“In the Privacy of My Own Home” shows the different sides of laughter. It gets weird pretty fast. Supové’s husband Randall Woolf created the composition by mixing live piano with samples of Supové’s laughs during Abbot and Costello’s skit “Who’s on First?” The composition captures laughter in the contexts of humor, sadness, intimacy and insanity. At first, it’s interesting, but by the third or fourth movement, it’s unbearably awkward, creepy and a bit too personal. 

The final track, Dafna Naphtali’s “Landmine,” is a slight respite, though certainly not conventional. The composition seamlessly blends the acoustic piano performance with real-time processing. The music feels otherworldly, as if a conventional piano performance has been interrupted by space noise.

Eye to Ivory is emotionally challenging to listen to. At times, it’s not even aesthetically pleasing, but that doesn’t seem to be its goal anyway. Instead, the album succeeds where it counts—in its commitment to being fearless and memorable. 

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Danielle Buonaiuto: Marfa Songs. Music by James Young, Cecilia Livingston, Natalie Draper and Douglas Buchanan, performed by Danielle Buonaiuto, soprano, and John Wilson, piano. Starkland ST-234

Danielle Buonaiuto’s Marfa Songs is a conservative contrast to Eye to Ivory. With only soprano voice and piano, the album is beautifully raw and authentic. 

Buonaiuto is known for promoting contemporary art songs and chamber music. She has received grants from the Peabody Institute and New Music USA. In 2018, she received the Brooklyn Arts Council grant to launch ChamberQUEER, a LGBTQ+ chamber music series in Brooklyn, New York. She has been a founding member of several contemporary music ensembles, including REXDuo and the Lunar Ensemble.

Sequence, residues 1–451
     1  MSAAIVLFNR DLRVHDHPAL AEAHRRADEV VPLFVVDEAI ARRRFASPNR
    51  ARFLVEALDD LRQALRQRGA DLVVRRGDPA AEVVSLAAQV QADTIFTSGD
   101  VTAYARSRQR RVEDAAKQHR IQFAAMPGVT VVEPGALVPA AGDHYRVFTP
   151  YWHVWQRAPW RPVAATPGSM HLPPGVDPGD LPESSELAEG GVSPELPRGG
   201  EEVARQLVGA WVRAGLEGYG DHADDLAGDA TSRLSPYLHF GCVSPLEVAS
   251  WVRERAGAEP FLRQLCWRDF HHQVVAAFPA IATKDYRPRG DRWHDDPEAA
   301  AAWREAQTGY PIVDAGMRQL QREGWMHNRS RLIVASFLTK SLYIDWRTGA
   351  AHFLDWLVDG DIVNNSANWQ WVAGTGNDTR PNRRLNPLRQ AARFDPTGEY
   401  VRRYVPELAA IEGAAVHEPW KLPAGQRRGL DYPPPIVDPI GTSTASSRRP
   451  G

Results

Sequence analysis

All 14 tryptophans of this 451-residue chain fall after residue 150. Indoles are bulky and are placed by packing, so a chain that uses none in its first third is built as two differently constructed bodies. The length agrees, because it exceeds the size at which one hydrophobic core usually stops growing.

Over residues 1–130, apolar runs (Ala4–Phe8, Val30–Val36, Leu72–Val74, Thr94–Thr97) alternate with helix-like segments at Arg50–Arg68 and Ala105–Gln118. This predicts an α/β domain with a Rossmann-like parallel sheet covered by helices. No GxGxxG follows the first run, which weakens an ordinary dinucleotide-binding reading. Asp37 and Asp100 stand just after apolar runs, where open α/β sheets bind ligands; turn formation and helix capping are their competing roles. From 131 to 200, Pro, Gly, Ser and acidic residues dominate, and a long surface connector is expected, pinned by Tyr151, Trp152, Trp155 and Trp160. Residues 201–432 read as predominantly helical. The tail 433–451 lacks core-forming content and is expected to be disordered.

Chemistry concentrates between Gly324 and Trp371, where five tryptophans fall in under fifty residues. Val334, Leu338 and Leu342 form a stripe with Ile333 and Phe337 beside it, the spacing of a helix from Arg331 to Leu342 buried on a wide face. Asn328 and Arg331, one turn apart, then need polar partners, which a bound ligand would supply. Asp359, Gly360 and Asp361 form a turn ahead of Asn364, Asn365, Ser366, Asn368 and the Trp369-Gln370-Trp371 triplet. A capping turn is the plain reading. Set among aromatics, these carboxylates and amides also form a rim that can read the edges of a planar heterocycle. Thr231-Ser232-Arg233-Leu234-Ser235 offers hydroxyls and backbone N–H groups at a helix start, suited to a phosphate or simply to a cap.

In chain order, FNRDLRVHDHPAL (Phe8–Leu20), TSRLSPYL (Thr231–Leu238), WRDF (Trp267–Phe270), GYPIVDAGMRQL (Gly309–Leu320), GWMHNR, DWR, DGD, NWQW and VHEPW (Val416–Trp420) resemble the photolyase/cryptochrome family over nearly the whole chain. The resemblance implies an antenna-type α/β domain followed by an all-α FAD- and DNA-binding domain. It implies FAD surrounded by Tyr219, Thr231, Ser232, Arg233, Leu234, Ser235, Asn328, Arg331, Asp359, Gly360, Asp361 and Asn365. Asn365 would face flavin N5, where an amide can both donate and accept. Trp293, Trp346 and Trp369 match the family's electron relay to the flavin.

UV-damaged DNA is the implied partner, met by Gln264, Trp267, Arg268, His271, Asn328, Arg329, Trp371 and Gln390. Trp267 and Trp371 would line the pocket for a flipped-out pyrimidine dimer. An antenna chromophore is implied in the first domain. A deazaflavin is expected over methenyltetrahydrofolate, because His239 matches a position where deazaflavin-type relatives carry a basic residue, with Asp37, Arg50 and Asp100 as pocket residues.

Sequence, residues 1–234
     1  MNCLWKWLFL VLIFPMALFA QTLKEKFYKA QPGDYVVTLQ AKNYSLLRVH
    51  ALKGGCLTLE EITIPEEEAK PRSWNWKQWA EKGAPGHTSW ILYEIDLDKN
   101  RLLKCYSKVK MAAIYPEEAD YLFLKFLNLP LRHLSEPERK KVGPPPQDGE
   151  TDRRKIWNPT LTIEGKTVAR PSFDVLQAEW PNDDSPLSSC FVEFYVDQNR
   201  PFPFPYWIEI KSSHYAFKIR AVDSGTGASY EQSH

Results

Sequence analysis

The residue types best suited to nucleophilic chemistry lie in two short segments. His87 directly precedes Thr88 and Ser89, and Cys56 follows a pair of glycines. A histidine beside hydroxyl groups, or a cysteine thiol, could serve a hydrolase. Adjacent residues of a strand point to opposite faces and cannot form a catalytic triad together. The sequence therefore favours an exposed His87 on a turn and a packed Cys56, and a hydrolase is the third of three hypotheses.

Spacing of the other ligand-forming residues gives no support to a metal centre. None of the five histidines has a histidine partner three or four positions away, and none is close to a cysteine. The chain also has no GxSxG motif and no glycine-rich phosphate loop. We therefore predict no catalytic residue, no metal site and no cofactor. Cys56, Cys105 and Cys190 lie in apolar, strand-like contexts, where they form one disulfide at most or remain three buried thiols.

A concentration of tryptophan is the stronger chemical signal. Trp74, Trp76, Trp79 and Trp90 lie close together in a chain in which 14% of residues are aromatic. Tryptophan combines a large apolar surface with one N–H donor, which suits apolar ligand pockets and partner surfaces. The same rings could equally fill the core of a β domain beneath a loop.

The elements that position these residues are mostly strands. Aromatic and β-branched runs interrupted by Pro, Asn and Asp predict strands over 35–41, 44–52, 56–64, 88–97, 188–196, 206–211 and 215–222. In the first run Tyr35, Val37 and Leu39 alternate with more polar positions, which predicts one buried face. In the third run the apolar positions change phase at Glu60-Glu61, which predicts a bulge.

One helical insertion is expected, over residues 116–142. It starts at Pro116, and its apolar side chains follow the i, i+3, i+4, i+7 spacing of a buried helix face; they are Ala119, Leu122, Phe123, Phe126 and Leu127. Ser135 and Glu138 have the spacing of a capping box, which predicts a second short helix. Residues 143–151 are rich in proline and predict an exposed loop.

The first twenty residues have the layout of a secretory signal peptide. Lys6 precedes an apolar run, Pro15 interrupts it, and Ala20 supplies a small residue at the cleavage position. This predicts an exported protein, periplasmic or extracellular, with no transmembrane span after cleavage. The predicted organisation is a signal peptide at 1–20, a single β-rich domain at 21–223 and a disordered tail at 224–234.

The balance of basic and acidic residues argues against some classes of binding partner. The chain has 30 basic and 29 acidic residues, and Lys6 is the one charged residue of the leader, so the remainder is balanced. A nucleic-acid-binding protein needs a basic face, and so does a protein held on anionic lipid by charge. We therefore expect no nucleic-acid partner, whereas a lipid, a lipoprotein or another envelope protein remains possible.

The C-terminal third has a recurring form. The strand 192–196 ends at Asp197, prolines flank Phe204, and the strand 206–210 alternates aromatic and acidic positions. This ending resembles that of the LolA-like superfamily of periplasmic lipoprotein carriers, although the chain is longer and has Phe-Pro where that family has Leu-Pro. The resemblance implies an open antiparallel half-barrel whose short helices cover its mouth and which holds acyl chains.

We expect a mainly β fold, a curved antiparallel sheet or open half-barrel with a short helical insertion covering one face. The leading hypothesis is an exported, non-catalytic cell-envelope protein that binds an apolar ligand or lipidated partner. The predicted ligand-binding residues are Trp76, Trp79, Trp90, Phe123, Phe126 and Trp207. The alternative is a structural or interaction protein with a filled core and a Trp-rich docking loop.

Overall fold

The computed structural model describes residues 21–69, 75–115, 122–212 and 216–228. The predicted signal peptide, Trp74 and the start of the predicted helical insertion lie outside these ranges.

The final three tracks are the highlight of the album—Douglas Buchanan’s “Psalm 23,” “The Skye Boat Song” and “Loch Lomond.” Buchanan transports traditional Scottish folk melodies into the 21st century with colorful harmonies and dissonance. These tracks are a delight for adventurous Celtic music aficionados. 

“Psalm 23” and “Loch Lomond” stay true to the original Celtic tunes, though with reimagined harmonies. The simple melodies show off Buonaiuto’s delicate touch and vocal control. “Loch Lomond” mostly resides within her rich mid-range, building to a sparkling, mournful ending, as she laments “me and my true love will never meet again / on the bonnie, bonnie banks of Loch Lomond.”

“The Skye Boat Song” is more romantic and experimental. Pianist John Wilson’s Debussy-esque arpeggios undulate like waves beneath free, improvisatory vocals. In the chorus, the ornamented vocals of “Speed, Bonnie boat, like a bird on the wing” seems to sway in the wind before taking flight.

James Young’s “Marfa Songs” are another notable work on the album. With nine movements in 14 minutes, “Marfa Songs” celebrates Young’s youth on the great plains of West Texas. The lyrics come from Anthony Madrid’spoetry collection I am your slave, now do what I say.

This work is more unpredictable and volatile than the Celtic tunes. At times, it sounds like an operatic, Wild-West version of Bernstein’s West Side Story.

”Heathen” sets the violent scene of western settlement, as Buonaiuto begs a  “war-weary general” to “call back your army, invincible army / show mercy to the heathen people.” The violent theme continues in ”Rope” and “Dragon,” before exploring love and heartbreak in “Mattress,” the jazzy lament ”Rival” and the cruel, mocking “Olympus.” “Olympus” is particularly aggressive, as Buonaiuto leaps to the top of her range, nearly screaming the word “Olympus.” Then the set waxes reflective on love and life with “Forgiveness,” “Ghost” and the eerie lullaby “Saguaro.”